Egypt has ranked 136 out of 145 countries in gender equality to achieve the unenviable position of being among the 10 worst countries for gender equality in the world, according to theWorld Economic Forum’s Global Gender Gap Report 2015
On the top of the list sit Iceland, Norway and Finland, coming in first, second and third, respectively, while Kuwait and the United Arab Emirates are the best in gender equality in the Middle East region.
The report also pointed out that the MENA region is the home to the “lowest-ranked country” in the list, Yemen, which ranked the worst this year and has remained at the bottom of the index since 2006. However, the country has significantly improved its status, relative to its own past scores.
The report’s results are based on four main pillars: economic participation and opportunity, educational attainment, health and survival and political empowerment. These indicators help to determine how equally the country’s resources are distributed among genders.
With regards to Egypt, the report showed a large gap between men and women in most indicators. Women constitute only 26 percent of the labor force, with an estimated annual income of US$5,218, compared to 79 percent of men with an estimated $17,353.
Egyptian men are also more educated than women, with 82 percent of men being literate, compared to 65 percent of women. In the political sphere, women clearly lagged behind in participation, with no female heading the state in the last 50 years and 12 percent of women occupying ministerial positions, compared to 88 percent of men.
“The gap between men and women in health, education, economic opportunity and political representation has closed by 4 percent in the past 10 years. In economic terms, the gap has closed by only 3 percent with progress towards wage equality and labor force parity stalling markedly since 2009/2010,” the report said about countries globally.
The report anticipated that it would take the world another 118 years (until 2133) to completely close the economic gap, demonstrating that the slow progress in narrowing this gap between both genders means that women are now earning the same amount of money as men did in 2006, when the Global Gender Gap was first produced.
According to the report, Nordic nations remain the most gender-equal societies in the world.
This article was originally published in the Egypt Independent
One tragedy of the World Economic Forum’s Global Gender Gap Report 2015 findings is that Egypt was the home of one of the Arab world’s best known feminists who, more than a century ago had already planted the seeds of change which, by 2015, should have flourished to put Egypt on a par with some of the world’s most highly developed and prosperous societies.
Huda Shaarawi (1879–1947) (below) was an Egyptian feminist who influenced not only women in Egypt but throughout the Arab world. She was a pioneer in feminism, and brought to light the restrictive world of upper-class women in her book The Harem Years.
Shaarawi was raised in the harem system, which kept women secluded and veiled. All women, rich or poor, went outside veiled, except peasant women in the countryside. Veiling and the harem system were cultural traditions, followed by Jewish and Christian women as well as Muslim.
Huda was very well educated from a young age. She was tutored in a variety of subjects and spoke French, Turkish, and Arabic. At the age of 13, she was married to her cousin Ali Pasha Shaarawi. In their marriage contract, he promised to leave his slave-concubine, but she bore him a child a year after their marriage. Huda separated from him and they remained apart for the next 7 years. During this time she was able to be independent, since her father had died when she was young. She extended her education and became involved in activism. As she grew older, her husband, a political activist himself, included her in his political meetings, and often sought her counsel.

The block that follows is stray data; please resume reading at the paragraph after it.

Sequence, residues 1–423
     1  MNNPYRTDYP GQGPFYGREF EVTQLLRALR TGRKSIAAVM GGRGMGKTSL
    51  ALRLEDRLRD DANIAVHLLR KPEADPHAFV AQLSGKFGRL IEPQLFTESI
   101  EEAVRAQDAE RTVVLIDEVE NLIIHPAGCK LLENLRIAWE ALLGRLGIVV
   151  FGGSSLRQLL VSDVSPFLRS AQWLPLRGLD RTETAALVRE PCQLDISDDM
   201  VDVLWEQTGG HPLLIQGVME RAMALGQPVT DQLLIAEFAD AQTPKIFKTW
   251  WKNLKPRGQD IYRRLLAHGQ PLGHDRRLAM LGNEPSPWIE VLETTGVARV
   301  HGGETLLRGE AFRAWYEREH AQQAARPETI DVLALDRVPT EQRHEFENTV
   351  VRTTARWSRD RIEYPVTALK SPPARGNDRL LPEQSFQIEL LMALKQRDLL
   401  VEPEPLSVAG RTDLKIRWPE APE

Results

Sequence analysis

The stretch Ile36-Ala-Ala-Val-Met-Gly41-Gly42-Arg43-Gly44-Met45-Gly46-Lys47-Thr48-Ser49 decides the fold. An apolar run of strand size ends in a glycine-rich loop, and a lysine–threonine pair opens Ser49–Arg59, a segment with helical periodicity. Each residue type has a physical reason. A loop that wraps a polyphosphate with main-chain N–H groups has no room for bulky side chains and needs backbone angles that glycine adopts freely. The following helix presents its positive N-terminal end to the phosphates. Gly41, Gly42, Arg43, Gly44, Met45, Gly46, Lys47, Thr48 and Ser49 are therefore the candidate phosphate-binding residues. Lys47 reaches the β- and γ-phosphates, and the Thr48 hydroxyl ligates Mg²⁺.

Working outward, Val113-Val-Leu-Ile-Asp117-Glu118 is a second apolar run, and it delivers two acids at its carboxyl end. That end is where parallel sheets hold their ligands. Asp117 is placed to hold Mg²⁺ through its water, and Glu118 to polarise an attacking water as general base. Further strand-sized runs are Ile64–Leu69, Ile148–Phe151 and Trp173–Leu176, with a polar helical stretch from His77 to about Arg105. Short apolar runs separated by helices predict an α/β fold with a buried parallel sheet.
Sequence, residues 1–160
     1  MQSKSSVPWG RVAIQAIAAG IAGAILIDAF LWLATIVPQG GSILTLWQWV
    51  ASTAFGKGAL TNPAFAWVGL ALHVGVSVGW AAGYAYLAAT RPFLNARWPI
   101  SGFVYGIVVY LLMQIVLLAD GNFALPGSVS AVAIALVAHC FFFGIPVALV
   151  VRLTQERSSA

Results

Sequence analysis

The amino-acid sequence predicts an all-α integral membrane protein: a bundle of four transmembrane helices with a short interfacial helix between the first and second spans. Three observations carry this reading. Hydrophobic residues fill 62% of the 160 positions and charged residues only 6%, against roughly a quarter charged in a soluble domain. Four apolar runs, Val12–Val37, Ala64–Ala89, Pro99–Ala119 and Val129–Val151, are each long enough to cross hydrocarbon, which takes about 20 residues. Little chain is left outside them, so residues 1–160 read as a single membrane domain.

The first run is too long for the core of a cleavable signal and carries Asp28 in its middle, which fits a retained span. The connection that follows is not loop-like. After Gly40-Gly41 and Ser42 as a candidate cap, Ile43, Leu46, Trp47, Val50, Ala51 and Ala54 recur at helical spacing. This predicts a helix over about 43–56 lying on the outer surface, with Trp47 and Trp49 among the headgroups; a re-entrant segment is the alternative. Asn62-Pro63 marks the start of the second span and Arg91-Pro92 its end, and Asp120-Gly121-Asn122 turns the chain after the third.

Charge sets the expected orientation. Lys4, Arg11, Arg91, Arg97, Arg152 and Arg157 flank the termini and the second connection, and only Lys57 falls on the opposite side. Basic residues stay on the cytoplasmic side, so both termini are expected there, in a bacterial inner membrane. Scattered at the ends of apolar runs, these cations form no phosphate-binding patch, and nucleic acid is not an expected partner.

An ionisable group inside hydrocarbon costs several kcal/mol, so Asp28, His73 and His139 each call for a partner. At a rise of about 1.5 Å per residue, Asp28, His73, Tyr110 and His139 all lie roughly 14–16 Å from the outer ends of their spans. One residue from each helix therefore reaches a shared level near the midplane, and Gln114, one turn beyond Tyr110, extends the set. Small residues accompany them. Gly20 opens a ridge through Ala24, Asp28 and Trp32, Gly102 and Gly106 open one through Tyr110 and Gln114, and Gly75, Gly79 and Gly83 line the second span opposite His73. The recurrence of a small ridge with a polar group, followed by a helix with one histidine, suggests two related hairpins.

Huda had a hand in many “firsts” for women in Egyptian society. In 1908, she founded the first philanthropic society run by Egyptian women, where they offered services for poor women and children. She believed that having women run such projects would challenge the view that women are created for men’s pleasure and in need of protection. In 1910, she opened a school for girls focused on academics, rather than teaching practical skills like midwifery which was common at the time.
Around the world, social reform movements, including women’s suffrage, were gaining ground, and the women of Egypt were not immune. The country was modernising, expanding educational opportunities for women. She organized lectures for women on various topics, bringing them out of their homes and into public places. After the World War I, many women left the harem to take action against British rule in Egypt, and Huda Shaarawi stood up to organize them. In 1919, she helped to organize the largest women’s anti-British demonstration.
In 1923, Huda Shaarawi founded the Egyptian Feminist Union, which is still active as a non-profit today. They focused on various issues, including women’s suffrage and education. Huda was also passionately against restrictions on women’s dress and freedom of movement, which was a central part of harem life. Shaarawi continued to lead the Egyptian Feminist Union until her death, demonstrating and organizing the fight for women’s rights in the new Egypt. She represented Egypt at women’s conferences around the world, advocating for peace and disarmament. She was also a member (and in 1935, vice-president) of the International Alliance of Women for Suffrage and Equal Citizenship, and founding president of the Arab Feminist Union in 1945. With her unique blend of western-style feminism with her own country’s customs, culture, and Egyptian nationalism, Huda Shaarawi influenced millions of Arab women and people all around the world.